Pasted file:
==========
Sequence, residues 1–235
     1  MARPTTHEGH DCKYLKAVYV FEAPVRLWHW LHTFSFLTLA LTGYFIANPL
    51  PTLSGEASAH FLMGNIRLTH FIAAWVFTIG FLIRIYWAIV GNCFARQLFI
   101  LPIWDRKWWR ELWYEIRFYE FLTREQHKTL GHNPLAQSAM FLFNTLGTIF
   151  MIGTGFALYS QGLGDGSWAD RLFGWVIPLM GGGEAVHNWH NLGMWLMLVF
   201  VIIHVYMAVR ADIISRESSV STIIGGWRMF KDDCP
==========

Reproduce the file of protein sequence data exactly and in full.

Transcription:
Sequence, residues 1–235
     1  MARPTTHEGH DCKYLKAVYV FEAPVRLWHW LHTFSFLTLA LTGYFIANPL
    51  PTLSGEASAH FLMGNIRLTH FIAAWVFTIG FLIRIYWAIV GNCFARQLFI
   101  LPIWDRKWWR ELWYEIRFYE FLTREQHKTL GHNPLAQSAM FLFNTLGTIF
   151  MIGTGFALYS QGLGDGSWAD RLFGWVIPLM GGGEAVHNWH NLGMWLMLVF
   201  VIIHVYMAVR ADIISRESSV STIIGGWRMF KDDCP